12 For an estimate of accuracy, users can refer to the relative root mean square error (RRMSE) which can be used in a similar fashion to a relative standard error for sample surveys. The RRMSE is an estimate of accuracy for the modelled values, based on how well the model performs in comparison with known historical data. The ABS recommend using the RRMSE percentage to represent accuracy around projected data points for October 2014 and beyond. A 95% confidence interval can be formed by adding and subtracting 1.96 x RRMSE relative to the estimated count N.
13 Care should be taken by users as these are modelled estimates. The model assumes that seasonal and trend behaviour have remained consistent with recent history up to September 2014.
14 Overseas arrivals and departures statistics relate to all recorded movements of travellers who cross Australia's international border. The statistics record the number of movements of travellers rather than the number of travellers (i.e. multiple movements of an individual traveller during a given reference period are each counted separately). It includes the movements of all travellers regardless of their nationality, citizenship or legal status.
15 The statistics exclude the movements of operational air and ships' crew, of transit passengers who pass through Australia but are not cleared for entry (including some defence force personnel), and of passengers on pleasure cruises commencing and finishing in Australia. These statistics also exclude undocumented arrivals or departures.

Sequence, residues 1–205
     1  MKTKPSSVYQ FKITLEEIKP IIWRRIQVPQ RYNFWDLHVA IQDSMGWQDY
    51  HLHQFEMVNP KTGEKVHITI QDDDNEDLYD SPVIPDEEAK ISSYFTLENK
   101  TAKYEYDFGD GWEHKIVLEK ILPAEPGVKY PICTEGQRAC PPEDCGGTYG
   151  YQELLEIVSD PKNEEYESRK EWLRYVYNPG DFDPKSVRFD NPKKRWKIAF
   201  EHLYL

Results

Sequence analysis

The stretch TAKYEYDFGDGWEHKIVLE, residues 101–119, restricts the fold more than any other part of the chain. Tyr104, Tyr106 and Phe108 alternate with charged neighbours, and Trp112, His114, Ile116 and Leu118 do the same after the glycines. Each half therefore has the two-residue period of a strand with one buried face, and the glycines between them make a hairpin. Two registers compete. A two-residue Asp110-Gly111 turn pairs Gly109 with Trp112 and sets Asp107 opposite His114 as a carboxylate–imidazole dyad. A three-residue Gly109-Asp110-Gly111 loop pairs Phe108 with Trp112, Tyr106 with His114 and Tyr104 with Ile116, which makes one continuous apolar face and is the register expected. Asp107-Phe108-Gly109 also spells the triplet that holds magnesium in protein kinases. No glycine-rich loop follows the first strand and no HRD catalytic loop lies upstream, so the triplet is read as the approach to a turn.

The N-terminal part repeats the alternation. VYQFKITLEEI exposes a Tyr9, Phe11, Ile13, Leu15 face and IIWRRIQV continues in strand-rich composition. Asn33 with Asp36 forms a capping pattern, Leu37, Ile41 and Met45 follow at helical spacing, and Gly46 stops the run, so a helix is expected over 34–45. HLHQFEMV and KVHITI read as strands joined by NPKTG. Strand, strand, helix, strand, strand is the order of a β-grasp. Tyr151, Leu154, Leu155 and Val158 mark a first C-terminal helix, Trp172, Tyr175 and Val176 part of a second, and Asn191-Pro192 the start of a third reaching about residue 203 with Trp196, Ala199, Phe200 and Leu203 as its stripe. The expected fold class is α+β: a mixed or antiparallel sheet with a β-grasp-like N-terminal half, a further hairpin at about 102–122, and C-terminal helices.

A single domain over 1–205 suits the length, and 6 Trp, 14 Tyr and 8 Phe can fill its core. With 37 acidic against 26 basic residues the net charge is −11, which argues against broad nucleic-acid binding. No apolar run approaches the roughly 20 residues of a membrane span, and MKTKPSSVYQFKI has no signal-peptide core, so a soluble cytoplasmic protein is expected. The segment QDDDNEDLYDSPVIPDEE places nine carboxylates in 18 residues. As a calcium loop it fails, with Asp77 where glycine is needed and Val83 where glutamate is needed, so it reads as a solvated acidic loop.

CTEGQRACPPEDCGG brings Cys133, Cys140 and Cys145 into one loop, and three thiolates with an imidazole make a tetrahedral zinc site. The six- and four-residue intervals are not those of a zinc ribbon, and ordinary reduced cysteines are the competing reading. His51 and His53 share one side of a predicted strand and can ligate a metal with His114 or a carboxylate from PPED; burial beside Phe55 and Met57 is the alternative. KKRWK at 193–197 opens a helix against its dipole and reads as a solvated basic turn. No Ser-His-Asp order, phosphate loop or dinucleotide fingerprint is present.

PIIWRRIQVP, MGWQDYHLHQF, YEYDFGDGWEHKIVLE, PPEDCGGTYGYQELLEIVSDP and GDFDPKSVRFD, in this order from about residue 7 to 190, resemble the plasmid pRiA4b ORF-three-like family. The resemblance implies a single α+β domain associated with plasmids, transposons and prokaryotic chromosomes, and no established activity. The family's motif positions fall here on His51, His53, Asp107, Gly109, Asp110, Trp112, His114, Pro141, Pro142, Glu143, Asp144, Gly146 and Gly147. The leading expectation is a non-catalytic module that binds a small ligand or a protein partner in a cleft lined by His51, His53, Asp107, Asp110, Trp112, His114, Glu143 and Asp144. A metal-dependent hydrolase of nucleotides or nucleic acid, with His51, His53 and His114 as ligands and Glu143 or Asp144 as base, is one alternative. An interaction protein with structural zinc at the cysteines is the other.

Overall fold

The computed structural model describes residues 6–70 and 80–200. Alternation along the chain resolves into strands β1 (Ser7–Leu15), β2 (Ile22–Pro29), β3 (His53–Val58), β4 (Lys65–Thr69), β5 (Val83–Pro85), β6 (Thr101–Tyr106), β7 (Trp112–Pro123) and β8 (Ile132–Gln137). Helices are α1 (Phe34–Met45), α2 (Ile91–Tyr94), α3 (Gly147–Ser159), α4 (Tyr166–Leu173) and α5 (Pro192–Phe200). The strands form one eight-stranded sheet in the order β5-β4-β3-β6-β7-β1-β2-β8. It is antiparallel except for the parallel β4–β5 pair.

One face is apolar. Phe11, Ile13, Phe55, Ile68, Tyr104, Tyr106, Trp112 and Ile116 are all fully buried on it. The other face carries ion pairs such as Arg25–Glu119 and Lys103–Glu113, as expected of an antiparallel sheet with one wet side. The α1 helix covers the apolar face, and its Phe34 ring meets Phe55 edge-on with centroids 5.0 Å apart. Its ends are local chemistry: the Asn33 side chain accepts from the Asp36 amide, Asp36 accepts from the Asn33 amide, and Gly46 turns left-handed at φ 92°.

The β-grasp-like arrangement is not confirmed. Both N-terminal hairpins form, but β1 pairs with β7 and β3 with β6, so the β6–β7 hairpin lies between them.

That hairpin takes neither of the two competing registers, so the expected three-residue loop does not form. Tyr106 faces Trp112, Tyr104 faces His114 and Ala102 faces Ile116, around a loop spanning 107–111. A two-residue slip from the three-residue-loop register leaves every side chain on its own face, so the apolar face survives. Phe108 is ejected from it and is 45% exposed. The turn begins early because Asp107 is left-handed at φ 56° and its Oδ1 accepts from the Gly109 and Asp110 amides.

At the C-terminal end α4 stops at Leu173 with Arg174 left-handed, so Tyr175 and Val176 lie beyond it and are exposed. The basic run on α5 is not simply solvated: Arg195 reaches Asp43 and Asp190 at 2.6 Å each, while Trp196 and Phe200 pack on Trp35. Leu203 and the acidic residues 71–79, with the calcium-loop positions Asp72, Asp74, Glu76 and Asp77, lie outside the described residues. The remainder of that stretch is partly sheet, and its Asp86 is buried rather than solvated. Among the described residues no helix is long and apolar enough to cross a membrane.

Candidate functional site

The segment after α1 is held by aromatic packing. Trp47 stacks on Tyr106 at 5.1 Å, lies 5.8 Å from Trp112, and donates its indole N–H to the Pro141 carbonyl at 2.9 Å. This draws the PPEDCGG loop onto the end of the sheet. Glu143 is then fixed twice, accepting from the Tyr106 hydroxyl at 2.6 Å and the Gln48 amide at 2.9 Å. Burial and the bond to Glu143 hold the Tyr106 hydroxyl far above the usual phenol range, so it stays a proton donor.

STATE AND TERRITORY CLASSIFICATION
16 Following the 1992 amendment to the Acts Interpretation Act to include the Indian Ocean Territories of Christmas Island and the Cocos (Keeling) Islands as part of geographic Australia, population estimates commencing with September quarter 1993 include estimates for these two territories. To reflect this change, another category of the state and territory classification has been created, known as Other Territories. Other Territories includes Jervis Bay Territory, Christmas Island and the Cocos (Keeling) Islands. OAD data for Other Territories are not available prior to February 1995.